- Protect yourself from cataracts.
- Protect yourself from cancer.
- Prevent or delay age-related macular degeneration (AMD)
Is this the wonder vitamin?
"Vitamin E" is the collective name for a group of fat-soluble compounds with distinctive antioxidant activities. It is found naturally in some foods, added to others, and available as a dietary supplement.
Vitamin E is a fat-soluble antioxidant that stops the production of ROS (reactive oxygen species) formed when fat undergoes oxidation. Why is this important? Scientists are investigating whether, by limiting free-radical production and possibly through other mechanisms, vitamin E might help prevent or delay the chronic diseases associated with free radicals.
Heart protection:Vitamin E could prevent or delay coronary heart disease. Some studies indicate it may prevent the formation of blood clots which can lead to heart attacks.
Cancer prevention: Antioxidants like Vitamin E protect cells from the damaging effects of free radicals which can lead to cancer. Vitamin E might also block the formation of carcinogenic nitrosamines formed in the stomach from nitrites in foods and protect against cancer by enhancing immune function. A study in Iowa of women 65 and older, showed evidence that higher intakes of Vitamin E from food and supplements could decrease the risk of colon cancer.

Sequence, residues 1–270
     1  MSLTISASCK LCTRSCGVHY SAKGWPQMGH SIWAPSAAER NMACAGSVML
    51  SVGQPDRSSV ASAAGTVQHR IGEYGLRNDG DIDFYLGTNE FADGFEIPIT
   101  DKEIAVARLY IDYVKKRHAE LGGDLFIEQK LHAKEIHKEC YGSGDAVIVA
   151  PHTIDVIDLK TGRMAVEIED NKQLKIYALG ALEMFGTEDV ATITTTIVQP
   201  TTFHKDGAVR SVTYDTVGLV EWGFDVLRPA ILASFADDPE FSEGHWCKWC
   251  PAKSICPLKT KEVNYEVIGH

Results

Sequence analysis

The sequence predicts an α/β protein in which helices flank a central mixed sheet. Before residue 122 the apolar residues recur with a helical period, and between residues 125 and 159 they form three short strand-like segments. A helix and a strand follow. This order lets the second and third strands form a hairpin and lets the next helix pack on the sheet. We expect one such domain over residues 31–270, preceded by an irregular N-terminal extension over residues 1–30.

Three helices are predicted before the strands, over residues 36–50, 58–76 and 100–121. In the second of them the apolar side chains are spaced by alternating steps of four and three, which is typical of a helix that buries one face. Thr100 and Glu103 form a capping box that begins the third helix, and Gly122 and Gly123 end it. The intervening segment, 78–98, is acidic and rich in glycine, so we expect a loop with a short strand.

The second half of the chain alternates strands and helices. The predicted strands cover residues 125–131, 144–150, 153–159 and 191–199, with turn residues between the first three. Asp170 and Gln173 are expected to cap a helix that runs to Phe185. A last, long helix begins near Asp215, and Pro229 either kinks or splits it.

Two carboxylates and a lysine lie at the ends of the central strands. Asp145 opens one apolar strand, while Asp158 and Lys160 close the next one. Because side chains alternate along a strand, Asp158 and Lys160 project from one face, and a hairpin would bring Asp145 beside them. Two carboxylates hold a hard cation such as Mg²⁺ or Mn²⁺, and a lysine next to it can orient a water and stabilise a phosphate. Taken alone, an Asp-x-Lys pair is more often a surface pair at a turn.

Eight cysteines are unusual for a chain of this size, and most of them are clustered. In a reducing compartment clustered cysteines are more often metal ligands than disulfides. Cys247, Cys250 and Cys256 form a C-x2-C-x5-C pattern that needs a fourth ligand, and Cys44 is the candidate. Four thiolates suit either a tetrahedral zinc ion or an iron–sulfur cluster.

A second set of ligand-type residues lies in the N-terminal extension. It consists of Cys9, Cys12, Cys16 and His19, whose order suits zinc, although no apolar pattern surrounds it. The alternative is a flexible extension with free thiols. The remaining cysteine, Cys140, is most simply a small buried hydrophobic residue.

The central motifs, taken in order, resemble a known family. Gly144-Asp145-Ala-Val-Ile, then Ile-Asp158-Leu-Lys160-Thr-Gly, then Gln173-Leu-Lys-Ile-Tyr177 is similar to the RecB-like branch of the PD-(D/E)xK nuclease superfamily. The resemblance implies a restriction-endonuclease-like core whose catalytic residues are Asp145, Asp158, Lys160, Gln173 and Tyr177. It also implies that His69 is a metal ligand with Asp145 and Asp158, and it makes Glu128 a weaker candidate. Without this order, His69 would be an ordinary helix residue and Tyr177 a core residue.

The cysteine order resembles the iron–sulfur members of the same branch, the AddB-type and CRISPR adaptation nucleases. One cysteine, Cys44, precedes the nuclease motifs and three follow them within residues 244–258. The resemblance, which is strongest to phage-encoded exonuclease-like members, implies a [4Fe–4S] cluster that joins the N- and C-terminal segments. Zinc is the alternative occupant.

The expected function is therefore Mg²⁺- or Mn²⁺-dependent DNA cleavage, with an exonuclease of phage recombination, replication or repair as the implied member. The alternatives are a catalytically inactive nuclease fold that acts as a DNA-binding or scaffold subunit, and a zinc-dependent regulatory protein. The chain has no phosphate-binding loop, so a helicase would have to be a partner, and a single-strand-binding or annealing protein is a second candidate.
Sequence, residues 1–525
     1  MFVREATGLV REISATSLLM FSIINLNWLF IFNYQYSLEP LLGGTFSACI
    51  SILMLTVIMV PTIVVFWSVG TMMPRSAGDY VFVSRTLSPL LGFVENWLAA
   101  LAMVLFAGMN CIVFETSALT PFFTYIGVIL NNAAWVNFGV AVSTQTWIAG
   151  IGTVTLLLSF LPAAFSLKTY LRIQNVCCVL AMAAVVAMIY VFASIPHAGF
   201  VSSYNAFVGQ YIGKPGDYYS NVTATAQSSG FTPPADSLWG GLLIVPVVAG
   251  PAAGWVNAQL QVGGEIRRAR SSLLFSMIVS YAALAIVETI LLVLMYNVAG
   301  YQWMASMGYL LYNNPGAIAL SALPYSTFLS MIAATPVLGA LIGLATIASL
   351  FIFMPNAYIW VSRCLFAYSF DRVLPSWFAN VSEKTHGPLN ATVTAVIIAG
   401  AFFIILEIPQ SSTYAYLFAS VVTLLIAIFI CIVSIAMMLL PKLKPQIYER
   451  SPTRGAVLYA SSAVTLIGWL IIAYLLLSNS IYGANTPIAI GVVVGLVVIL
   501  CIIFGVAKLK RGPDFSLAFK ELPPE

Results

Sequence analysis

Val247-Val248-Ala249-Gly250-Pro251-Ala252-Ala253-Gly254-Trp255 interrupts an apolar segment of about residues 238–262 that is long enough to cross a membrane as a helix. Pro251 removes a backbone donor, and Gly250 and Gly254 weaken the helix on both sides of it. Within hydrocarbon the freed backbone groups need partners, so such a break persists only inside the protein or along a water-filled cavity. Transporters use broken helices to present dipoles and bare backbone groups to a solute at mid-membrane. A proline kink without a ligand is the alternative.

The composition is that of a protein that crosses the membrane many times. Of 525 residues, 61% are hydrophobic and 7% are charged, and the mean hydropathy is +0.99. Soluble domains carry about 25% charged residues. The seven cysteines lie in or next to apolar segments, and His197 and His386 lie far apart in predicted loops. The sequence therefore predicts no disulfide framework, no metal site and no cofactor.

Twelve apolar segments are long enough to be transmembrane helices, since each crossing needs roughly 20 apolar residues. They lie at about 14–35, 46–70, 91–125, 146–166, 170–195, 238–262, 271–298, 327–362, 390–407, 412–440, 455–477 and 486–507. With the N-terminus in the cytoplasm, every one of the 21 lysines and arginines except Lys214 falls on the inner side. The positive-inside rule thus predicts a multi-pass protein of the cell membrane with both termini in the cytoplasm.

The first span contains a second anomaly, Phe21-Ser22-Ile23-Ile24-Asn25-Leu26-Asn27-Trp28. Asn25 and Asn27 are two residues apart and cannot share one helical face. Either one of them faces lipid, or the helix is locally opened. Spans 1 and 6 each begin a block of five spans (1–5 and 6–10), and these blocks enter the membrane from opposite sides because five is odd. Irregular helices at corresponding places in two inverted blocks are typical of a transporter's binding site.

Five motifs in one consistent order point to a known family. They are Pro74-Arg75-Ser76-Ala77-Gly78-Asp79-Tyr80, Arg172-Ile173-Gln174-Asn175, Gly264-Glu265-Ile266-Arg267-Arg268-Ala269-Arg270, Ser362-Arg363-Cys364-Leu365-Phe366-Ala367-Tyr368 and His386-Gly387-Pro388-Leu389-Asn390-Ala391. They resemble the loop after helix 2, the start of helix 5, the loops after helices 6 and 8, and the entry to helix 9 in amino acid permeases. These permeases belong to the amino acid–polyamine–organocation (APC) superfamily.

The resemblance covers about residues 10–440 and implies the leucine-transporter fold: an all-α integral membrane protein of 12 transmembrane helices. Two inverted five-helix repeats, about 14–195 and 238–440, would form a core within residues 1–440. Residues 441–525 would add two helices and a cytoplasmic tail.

Eye Health: Age-related macular degeneration (AMD) and cataracts are among the most common causes of significant vision loss in older people. Scientists speculate that the cumulative effects of oxidative stress could play a role. If so, nutrients with antioxidant functions, such as vitamin E, could be used to prevent or treat these conditions. Several observational studies have revealed a potential relationship between vitamin E supplements and the risk of cataract formation. One prospective cohort study found that lens clarity was superior in participants who took vitamin E supplements and those with higher blood levels of the vitamin. http://ods.od.nih.gov/factsheets/VitaminE.asp
Cognitive Effects: Researchers are investigating the effect of free radical damage to neurons in the brain and whether the cumulative effects contribute to cognitive decline and diseases such as Alzheimer's. A clinical trial of 341 patients with Alzheimer's showed a significant delay in functional deterioration and the need for institutionalization for those given Vitamin E and selegiline. (Sano M, Ernesto C, Thomas RG, Klauber MR, Schafer K, Grundman M, et al. A controlled trial of selegiline, alpha-tocopherol, or both as treatment for Alzehimer�s disease. N Engl J Med 1997;336:1216-22. )